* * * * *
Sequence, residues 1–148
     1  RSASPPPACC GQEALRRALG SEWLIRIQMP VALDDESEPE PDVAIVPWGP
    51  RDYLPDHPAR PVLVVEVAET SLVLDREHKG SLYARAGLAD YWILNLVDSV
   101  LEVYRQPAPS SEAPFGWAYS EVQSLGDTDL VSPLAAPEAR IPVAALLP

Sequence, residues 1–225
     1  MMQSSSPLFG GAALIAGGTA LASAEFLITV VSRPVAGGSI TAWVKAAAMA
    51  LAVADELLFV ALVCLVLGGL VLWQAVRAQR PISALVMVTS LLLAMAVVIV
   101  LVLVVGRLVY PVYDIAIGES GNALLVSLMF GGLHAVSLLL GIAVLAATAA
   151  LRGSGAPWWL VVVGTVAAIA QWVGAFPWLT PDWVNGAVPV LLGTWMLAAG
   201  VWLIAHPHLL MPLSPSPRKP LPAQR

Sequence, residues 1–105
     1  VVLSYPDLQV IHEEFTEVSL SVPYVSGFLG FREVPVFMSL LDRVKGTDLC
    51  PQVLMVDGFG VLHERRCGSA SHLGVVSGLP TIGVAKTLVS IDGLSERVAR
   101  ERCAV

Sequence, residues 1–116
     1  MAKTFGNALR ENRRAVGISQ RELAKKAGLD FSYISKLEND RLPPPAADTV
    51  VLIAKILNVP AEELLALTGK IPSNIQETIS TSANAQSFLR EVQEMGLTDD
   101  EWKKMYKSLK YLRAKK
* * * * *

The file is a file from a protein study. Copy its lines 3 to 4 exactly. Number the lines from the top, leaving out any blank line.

    51  RDYLPDHPAR PVLVVEVAET SLVLDREHKG SLYARAGLAD YWILNLVDSV
   101  LEVYRQPAPS SEAPFGWAYS EVQSLGDTDL VSPLAAPEAR IPVAALLP